With the convergence of advances in multiple disciplines, including bioinformatics, the field of pharmacogenomics has emerged during the past decade as a promising platform for drug discovery and clinical development with significant therapeutic and psychosocial implications.
Pharmacogenomics refers to the study of the relationship between specific DNA-sequence variation and drug effect, for example, variation in haplotype versus variation in therapeutic outcome. Pharmacogenomics holds the promise that medications and diagnostic interventions may be tailor-made for individuals and adapted to each person's unique genetic makeup, considering that individual's environment, diet, age, lifestyle, and current state of health as significant modifiers. Therefore, pharmacogenomics combines traditional pharmaceutical sciences, such as biochemistry, pharmacology, or toxicology, with annotated knowledge of genes, proteins, and their variations that are capable of defining relationships across variables.
These data, as well as more traditional phenotypic information, result in an individualized profile of disease risk or a potential drug response. In few other disciplines of medicine are the clinical examples of the application of the art more striking than in oncology. In oncology, the treatment of patients is often accomplished by using chemotherapy characterized by narrow therapeutic indexes (ie, the difference between the toxic and therapeutic dose is small).1 Proper target identification and dosage/regimen selection clearly are keys to successful therapeutic outcome.
Benefits and Challenges
What are some of the anticipated benefits and challenges of discovery, development, and commercialization efforts that are built on a pharmacogenomics platform from the perspective of multiple stakeholders?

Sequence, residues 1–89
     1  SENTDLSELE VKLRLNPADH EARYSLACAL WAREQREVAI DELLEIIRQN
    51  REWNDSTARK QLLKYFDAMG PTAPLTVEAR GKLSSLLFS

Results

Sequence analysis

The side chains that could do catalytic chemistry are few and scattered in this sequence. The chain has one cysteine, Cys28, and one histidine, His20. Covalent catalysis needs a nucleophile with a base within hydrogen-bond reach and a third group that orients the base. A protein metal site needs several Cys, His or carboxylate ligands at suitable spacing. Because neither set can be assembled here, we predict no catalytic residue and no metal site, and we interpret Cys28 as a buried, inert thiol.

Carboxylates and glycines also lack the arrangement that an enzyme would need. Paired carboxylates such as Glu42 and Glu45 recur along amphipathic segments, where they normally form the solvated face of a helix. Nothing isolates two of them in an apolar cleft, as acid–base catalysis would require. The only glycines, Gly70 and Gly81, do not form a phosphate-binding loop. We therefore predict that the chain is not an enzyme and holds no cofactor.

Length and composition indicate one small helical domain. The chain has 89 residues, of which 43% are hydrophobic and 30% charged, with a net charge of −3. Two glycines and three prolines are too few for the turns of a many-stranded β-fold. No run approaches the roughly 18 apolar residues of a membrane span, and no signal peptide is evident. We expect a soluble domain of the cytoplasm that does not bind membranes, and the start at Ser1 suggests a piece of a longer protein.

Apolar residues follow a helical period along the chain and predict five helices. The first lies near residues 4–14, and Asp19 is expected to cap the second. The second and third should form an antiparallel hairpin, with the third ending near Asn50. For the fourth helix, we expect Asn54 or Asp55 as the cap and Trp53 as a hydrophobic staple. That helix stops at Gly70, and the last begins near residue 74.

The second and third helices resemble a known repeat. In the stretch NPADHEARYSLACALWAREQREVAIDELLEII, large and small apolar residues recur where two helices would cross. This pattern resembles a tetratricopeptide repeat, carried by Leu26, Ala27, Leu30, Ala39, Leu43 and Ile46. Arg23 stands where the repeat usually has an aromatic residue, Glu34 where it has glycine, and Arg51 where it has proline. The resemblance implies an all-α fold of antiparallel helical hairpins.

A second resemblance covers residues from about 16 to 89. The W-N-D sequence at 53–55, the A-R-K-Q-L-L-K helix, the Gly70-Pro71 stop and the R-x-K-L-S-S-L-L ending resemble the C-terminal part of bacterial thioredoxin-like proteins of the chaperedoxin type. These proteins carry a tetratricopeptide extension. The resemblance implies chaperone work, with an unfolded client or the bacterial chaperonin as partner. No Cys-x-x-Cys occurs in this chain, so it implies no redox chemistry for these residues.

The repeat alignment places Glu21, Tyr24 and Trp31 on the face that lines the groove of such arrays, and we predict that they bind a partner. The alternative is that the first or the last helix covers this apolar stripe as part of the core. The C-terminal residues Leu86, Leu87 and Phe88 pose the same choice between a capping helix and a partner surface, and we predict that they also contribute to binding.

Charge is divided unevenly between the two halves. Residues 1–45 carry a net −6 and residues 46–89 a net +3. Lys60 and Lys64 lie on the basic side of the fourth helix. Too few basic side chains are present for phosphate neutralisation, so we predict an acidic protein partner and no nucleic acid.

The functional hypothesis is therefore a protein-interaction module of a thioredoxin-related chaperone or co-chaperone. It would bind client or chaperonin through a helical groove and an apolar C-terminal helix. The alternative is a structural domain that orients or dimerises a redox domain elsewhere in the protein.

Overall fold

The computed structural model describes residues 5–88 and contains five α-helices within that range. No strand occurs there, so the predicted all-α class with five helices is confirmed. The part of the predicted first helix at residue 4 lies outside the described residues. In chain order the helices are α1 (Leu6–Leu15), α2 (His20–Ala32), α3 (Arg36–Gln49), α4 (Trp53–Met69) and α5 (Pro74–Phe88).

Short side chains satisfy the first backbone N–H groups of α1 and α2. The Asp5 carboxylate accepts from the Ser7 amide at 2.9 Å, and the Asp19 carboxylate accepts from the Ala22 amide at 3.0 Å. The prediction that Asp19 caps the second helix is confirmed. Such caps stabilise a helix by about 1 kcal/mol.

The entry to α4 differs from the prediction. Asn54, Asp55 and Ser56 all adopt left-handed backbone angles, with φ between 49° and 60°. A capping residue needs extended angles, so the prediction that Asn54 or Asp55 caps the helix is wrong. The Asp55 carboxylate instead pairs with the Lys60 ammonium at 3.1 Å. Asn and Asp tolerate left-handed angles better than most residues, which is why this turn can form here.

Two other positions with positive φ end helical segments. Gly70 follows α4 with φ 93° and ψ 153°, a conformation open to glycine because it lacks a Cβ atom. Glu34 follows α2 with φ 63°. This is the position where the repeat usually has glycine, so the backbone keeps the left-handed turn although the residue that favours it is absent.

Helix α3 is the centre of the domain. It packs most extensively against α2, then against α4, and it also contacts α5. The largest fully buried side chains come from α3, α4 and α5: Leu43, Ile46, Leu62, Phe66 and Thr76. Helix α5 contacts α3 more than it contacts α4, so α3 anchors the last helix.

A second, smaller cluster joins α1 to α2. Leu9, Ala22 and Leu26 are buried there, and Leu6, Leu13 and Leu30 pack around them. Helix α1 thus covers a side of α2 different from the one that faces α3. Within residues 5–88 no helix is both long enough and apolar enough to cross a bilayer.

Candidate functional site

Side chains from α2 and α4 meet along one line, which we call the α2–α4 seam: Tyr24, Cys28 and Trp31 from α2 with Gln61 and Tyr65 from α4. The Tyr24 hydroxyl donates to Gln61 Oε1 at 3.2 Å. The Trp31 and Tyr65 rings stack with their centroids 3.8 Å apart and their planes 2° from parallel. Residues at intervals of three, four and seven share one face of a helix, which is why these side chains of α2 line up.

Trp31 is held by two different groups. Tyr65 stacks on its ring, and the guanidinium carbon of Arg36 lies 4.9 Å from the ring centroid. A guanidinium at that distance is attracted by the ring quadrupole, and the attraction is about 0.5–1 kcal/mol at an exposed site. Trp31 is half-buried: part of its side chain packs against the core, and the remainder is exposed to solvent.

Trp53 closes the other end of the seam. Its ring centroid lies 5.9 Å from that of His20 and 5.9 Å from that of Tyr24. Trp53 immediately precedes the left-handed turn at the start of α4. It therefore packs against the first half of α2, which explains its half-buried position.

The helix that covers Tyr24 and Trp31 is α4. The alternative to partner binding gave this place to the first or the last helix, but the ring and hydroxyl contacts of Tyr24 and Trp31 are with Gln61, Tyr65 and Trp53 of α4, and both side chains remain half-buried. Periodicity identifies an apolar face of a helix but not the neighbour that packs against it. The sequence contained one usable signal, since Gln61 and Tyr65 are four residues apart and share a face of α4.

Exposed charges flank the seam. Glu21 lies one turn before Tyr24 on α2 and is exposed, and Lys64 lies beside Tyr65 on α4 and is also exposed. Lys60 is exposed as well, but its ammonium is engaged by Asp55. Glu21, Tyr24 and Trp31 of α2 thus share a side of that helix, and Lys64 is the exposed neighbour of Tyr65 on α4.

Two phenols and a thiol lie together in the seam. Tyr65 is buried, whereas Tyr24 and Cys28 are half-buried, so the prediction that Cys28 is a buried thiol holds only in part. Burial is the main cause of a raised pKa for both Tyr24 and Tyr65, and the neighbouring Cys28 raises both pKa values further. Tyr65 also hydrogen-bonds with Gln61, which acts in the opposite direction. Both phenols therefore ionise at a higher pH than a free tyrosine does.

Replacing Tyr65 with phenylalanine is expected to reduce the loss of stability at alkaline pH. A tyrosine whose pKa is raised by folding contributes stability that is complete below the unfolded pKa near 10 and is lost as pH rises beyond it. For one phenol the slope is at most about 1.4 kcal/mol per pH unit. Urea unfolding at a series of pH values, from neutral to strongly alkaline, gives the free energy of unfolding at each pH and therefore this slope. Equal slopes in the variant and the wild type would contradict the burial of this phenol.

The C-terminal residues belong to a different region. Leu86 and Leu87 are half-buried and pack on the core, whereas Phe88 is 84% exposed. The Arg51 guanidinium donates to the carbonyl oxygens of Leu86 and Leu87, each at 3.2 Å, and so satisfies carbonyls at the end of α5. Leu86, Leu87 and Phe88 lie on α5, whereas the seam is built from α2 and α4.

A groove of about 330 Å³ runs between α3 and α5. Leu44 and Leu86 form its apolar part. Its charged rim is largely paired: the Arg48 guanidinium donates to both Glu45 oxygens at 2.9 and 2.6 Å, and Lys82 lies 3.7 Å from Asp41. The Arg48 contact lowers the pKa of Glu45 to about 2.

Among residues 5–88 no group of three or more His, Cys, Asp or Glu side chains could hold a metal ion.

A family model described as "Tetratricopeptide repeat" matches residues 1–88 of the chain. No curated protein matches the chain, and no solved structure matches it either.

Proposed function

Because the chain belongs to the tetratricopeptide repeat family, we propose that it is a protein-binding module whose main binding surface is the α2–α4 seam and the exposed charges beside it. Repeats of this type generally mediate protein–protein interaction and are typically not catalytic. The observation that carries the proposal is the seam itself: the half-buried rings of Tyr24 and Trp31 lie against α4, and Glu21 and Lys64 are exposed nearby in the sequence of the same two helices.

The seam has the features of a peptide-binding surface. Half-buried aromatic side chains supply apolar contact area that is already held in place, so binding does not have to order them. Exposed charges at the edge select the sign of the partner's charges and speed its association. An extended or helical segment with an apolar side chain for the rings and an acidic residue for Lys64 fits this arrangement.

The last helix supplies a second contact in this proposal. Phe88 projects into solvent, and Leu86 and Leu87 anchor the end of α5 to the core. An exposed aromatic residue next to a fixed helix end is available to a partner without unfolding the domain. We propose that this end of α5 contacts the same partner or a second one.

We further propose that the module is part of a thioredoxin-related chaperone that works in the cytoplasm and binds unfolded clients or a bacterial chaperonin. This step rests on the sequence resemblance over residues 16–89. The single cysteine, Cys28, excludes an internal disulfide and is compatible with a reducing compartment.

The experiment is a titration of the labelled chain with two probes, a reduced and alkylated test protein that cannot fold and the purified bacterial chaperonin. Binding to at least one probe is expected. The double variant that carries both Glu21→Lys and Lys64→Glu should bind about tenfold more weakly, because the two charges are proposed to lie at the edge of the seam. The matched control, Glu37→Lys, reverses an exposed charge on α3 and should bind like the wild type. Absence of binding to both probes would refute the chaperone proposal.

Advanced risk stratification for disease. Knowing one's genetic code and how it affects the risk for eventual illness will allow a person to make adequate lifestyle and environmental changes at an early age to avoid or lessen the severity of a disease. Similarly, advanced knowledge of specific disease susceptibility will allow the creation of a personalized health plan, careful monitoring with sophisticated assessments (eg, the use of specialty biomarkers), and will facilitate the introduction of treatments at the most appropriate stage to maximize the therapeutic impact.
Improvements in the drug discovery and development process. Pharmaceutical companies will be able to identify specific molecular targets for "lead" identification and optimization, potentially identifying radically unique therapeutic strategies. Previously failed drug candidates, based on toxicity or lack of efficacy in an unselected disease population, may be resurrected when matched with a niche population prospectively defined by using clinical and genetic information.
The drug approval process will be radically transformed when the impact of genetic-based procedures for proper patient identification for treatment are appreciated. For example, the need for genetic/phenotypic risk-modeling tools, modifications in the consenting process, or restrictions in drug labeling to a genetically defined population would be part of a challenging portfolio of issues addressed during the development and commercialization process.